The Kitchen House

Imagine your entire family gone. No memory of who you are or where you came from, and suddenly being pushed into a world you’re unfamiliar with.

Lavinia is a young girl who is in such a situation. Brought to a Virginian plantation by a captain who found her on a ship, alone and sick. She is placed in the kitchen house with a group of slaves who quickly become her family. But Lavinia isn’t used to the segregation and she doesn’t quite understand the nuances of her new place in the world.

With people like Mama Mae and twins, Fanny and Beattie, her world isn’t just loneliness and heartache. She makes her place in their world, not knowing that one day she’ll soon have to join a different crowd.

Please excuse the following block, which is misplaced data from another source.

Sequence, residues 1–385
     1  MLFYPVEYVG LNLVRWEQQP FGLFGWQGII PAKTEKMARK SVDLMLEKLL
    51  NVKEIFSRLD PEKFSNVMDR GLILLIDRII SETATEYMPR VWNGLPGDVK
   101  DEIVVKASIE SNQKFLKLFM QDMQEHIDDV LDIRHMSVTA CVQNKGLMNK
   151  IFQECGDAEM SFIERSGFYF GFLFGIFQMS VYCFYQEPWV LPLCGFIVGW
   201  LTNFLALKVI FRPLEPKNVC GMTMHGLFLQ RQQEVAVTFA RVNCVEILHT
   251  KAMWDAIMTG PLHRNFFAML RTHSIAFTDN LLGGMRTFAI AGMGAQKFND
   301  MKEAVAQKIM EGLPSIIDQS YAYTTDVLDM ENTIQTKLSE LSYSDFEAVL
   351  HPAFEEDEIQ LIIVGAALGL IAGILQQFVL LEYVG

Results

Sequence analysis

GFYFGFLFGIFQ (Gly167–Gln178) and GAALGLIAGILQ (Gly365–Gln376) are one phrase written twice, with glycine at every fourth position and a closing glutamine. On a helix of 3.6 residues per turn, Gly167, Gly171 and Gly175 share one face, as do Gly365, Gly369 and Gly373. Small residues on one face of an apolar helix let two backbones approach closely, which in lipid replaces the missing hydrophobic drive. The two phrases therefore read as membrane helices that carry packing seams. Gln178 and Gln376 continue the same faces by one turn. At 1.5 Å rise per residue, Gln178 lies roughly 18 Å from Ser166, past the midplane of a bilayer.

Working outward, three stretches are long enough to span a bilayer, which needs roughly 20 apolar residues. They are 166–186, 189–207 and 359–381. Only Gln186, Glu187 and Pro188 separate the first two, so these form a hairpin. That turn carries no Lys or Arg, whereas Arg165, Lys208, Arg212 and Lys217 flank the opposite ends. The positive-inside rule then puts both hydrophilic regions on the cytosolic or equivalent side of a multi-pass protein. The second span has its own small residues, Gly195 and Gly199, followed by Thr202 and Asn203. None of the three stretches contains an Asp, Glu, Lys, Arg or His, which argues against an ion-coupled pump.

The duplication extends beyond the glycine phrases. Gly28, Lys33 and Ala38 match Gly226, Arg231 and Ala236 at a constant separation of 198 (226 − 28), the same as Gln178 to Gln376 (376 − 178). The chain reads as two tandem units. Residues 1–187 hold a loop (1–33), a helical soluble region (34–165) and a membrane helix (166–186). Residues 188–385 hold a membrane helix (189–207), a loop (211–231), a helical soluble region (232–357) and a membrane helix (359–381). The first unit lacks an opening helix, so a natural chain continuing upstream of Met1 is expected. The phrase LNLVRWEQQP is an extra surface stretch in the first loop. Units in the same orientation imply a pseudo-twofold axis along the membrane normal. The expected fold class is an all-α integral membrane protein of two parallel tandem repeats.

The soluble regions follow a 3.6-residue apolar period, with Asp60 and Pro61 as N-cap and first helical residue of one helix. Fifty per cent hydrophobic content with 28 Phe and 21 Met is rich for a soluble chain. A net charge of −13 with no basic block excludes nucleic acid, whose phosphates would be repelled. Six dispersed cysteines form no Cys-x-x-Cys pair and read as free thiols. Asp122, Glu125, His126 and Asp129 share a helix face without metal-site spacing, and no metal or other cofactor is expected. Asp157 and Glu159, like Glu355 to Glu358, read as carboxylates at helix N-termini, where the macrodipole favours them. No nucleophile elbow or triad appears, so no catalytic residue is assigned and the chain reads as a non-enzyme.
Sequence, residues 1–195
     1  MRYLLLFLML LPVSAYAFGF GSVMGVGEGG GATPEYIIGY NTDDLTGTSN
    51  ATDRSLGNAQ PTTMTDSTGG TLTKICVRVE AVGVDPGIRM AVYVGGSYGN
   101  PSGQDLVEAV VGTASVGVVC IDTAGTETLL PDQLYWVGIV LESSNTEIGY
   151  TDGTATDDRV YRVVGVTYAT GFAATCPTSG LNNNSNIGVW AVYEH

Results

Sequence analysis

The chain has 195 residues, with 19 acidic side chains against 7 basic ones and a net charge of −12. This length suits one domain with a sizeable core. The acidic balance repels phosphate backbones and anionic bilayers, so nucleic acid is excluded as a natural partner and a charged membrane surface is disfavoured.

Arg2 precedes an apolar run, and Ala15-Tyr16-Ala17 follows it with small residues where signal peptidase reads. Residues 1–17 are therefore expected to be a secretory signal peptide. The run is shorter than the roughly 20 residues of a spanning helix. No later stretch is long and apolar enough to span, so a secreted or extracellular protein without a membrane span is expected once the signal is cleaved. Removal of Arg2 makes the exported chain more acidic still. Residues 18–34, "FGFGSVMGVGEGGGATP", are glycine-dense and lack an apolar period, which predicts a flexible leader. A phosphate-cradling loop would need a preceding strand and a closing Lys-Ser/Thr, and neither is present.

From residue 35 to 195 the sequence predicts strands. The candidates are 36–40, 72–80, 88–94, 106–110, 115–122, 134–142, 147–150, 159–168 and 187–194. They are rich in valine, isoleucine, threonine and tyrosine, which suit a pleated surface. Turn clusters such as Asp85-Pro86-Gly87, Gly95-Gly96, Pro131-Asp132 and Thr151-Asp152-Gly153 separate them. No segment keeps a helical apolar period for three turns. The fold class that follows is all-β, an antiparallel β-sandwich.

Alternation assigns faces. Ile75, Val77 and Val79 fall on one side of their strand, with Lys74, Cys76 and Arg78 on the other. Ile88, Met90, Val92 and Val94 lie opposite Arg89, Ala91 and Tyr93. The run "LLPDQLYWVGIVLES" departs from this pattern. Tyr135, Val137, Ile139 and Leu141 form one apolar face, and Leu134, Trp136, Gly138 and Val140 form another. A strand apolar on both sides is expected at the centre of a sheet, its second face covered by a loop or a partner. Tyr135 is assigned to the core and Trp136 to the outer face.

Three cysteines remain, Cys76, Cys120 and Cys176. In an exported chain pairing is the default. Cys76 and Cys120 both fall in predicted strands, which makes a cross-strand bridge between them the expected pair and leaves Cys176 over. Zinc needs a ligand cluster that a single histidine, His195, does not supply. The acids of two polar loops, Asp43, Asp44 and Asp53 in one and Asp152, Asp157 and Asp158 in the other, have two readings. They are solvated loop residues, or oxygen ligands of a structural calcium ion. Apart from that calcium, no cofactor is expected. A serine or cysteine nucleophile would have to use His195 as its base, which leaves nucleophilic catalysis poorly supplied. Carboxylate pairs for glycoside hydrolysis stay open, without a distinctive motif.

Kathleen Grissom brings to light the hardships of being a slave in the 18th century and how one child can change things for the better. The Kitchen House is a tremendous story with underlying tones of issues still going on today. A roller coaster ride of emotions, it’s incredibly difficult to put down. Grissom manages to give two sides to her story without drowning in details and getting lost in the timeline. Alternating chapters between the two main characters, Lavinia and Belle, make for a well-rounded book.

Be prepared if you choose to pick this book up. You will finish it and be emotionally exhausted. But you won’t regret adding this to your bookshelf!

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